The pilots of U.S. regional airline American Eagle and the management of American Airlines merger partner US Airways have apparently reached an impasse in negotiations over a new contract, potentially delaying further an expected new regional jet order by the “new” American.
The success enjoyed by outside players in providing capacity to Africa has meant regional and domestic business has assumed ever-increasing importance not just for Africa’s indigenous airlines but for the continent’s economic growth as well. The tremendous distances between population centers and the lack of convenient and reliable roads also make Africa a bumper opportunity for suppliers of regional jets with seating capacities of around 100.
Cincinnati-based Comair will close its doors at the end September, and nearly 2,000 people will lose their jobs as a result. Granted, the reasons for the airline’s demise might not matter much to them, but perhaps an examination of the forces that led to Delta’s decision to shutter its subsidiary will prepare others for a similar fate.
Bankrupt Pinnacle Airlines suspended negotiations over pay concessions with its unions while it “reformulates” its business plan in an effort to issue a more competitive contract offer to mainline partner Delta Air Lines, according to a June 22 letter sent by CEO John Spanjers to all employees.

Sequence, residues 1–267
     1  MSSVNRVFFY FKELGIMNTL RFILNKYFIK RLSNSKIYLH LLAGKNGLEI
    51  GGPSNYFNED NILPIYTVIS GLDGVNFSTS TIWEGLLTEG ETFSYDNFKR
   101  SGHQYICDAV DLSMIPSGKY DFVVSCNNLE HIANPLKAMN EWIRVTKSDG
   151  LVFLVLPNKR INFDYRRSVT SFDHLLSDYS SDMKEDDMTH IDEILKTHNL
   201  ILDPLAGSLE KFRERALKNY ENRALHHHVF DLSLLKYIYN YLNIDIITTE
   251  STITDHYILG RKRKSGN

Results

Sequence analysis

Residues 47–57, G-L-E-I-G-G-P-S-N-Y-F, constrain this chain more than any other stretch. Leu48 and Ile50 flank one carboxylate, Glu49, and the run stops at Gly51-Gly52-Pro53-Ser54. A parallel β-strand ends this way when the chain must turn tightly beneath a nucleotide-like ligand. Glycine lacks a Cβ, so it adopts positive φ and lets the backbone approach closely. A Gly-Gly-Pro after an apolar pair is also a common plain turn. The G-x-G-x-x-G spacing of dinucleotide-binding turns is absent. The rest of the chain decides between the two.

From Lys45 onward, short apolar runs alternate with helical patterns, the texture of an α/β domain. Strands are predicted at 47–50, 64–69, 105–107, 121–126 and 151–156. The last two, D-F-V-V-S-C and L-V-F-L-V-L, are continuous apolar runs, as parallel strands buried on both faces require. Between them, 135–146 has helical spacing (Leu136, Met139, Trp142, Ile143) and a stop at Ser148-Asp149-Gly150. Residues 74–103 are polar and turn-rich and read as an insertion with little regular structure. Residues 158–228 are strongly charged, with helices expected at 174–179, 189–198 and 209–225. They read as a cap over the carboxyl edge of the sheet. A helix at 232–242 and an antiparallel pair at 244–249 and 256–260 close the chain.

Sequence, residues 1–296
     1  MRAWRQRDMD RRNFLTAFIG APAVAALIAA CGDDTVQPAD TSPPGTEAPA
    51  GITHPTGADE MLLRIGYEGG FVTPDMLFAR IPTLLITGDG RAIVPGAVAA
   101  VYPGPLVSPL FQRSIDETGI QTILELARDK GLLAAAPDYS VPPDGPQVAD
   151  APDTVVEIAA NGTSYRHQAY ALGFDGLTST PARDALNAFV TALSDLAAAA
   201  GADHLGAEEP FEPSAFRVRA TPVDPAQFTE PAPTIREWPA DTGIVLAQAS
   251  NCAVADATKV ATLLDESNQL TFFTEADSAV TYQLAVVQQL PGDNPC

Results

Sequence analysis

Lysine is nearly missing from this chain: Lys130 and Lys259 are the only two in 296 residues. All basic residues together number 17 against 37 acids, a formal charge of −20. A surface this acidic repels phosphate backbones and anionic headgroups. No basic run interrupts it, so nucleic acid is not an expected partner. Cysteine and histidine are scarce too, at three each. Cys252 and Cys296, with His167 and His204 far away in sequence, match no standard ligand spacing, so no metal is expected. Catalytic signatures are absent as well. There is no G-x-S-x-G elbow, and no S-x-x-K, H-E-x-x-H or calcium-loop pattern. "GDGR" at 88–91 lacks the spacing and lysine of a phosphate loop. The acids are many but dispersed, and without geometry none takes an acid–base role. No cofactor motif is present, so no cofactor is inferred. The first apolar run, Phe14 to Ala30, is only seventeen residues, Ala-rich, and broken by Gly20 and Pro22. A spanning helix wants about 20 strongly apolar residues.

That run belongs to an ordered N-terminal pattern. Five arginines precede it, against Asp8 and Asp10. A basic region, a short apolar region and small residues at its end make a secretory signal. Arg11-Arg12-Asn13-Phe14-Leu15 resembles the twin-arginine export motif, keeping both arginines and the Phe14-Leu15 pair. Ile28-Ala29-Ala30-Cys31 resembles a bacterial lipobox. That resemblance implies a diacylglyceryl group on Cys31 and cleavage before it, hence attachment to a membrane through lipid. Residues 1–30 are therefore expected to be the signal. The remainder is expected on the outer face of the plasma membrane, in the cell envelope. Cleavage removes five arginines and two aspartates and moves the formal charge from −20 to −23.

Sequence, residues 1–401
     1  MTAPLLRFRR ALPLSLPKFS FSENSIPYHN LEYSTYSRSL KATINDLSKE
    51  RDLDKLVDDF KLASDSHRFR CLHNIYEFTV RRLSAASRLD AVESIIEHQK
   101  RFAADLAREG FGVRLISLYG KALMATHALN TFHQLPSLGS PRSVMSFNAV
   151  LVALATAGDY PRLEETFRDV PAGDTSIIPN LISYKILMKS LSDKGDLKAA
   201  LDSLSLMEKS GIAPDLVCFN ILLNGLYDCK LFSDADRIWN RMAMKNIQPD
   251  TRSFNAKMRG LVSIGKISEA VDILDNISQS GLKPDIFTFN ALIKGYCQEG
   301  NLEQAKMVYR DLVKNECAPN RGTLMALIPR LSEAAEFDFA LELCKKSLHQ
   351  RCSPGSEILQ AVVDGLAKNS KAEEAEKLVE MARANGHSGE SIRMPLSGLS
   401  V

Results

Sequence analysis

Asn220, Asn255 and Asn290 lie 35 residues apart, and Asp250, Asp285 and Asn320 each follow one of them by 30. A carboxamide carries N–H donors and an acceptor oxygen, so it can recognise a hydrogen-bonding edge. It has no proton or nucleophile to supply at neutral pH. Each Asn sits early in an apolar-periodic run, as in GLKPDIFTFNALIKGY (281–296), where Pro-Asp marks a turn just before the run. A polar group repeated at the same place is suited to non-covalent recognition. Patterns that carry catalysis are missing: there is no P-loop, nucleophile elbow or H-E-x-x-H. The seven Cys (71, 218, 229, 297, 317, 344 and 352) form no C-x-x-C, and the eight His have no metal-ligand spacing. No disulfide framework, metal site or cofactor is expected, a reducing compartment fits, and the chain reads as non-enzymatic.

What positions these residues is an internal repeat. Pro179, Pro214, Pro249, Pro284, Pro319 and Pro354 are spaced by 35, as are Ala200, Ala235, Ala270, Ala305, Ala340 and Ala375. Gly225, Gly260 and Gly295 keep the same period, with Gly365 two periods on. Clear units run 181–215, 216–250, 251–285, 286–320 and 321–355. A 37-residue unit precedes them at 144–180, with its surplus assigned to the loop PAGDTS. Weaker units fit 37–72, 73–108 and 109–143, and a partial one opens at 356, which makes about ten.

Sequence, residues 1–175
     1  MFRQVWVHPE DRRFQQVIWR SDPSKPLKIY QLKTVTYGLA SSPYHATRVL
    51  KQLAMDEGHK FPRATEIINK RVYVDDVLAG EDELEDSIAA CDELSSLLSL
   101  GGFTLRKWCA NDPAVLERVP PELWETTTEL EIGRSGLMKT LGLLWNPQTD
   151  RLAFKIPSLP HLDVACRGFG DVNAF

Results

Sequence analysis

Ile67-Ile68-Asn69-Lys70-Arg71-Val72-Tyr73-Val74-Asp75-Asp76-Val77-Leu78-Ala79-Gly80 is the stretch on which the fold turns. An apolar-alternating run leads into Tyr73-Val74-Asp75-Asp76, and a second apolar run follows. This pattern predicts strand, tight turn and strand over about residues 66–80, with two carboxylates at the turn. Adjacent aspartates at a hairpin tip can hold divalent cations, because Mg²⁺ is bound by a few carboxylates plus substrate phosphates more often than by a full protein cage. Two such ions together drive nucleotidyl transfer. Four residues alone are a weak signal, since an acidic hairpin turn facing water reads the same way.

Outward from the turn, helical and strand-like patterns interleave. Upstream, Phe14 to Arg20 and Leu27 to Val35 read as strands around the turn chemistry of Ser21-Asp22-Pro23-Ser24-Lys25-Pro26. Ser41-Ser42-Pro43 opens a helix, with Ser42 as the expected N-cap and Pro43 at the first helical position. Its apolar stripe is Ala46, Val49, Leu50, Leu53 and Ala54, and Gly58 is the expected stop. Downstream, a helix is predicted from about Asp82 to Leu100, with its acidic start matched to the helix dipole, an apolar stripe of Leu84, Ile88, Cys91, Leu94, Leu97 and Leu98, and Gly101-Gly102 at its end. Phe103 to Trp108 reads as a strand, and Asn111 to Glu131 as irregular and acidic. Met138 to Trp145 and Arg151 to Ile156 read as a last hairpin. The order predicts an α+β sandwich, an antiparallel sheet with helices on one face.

Made public in a filing with the Securities and Exchange Commission, the letter said that Delta told Pinnacle management that its competitors had submitted bids for Bombardier CRJ900 flying that undercut Pinnacle’s current rates by a “significant” margin.
The first airline in the Western Hemisphere to fly the current generation of 50-seat regional jets will cease all operations by the end of September. Delta Air Lines subsidiary Comair, a Bombardier CRJ operator since 1993, will fly its last passenger on September 29, marking the end of a 35-year run as one of the most recognizable names in the U.S. regional airline business.
Last week’s vote by Delta Air Lines pilots to accept a contract proposal forged between their Air Line Pilots Association unit and airline management could carry implications for a vital subset of the industry.
Scope clause revisions at Delta Air Lines and elsewhere in the U.S. could spell relief for regional jet manufacturers such as Bombardier and Embraer, both of whose commercial aircraft businesses have suffered through a long period of sluggish sales in North America and now face the likely prospect of an extended slump in recession-plagued Europe.
The scope clause language in the tentative settlement reached between the Air Line Pilots Association and Delta Air Lines in May at first looked like a positive development for all involved.
Notwithstanding consistent losses through which the regional airline industry’s publicly traded carriers have suffered lately, the last three years have proved a period of considerable progress on several fronts. Perhaps most notably, the industry has not registered a fatal accident since the Feb. 12, 2009 crash of Colgan Air Flight 3407, in which 50 people died primarily due to pilot error.
By the time American Eagle president Dan Garton spoke with AIN in late March, he had just presented his labor groups with a restructuring plan that called for a 5-percent reduction in the number of employees to achieve the cost savings the company would need to emerge from Chapter 11 bankruptcy.
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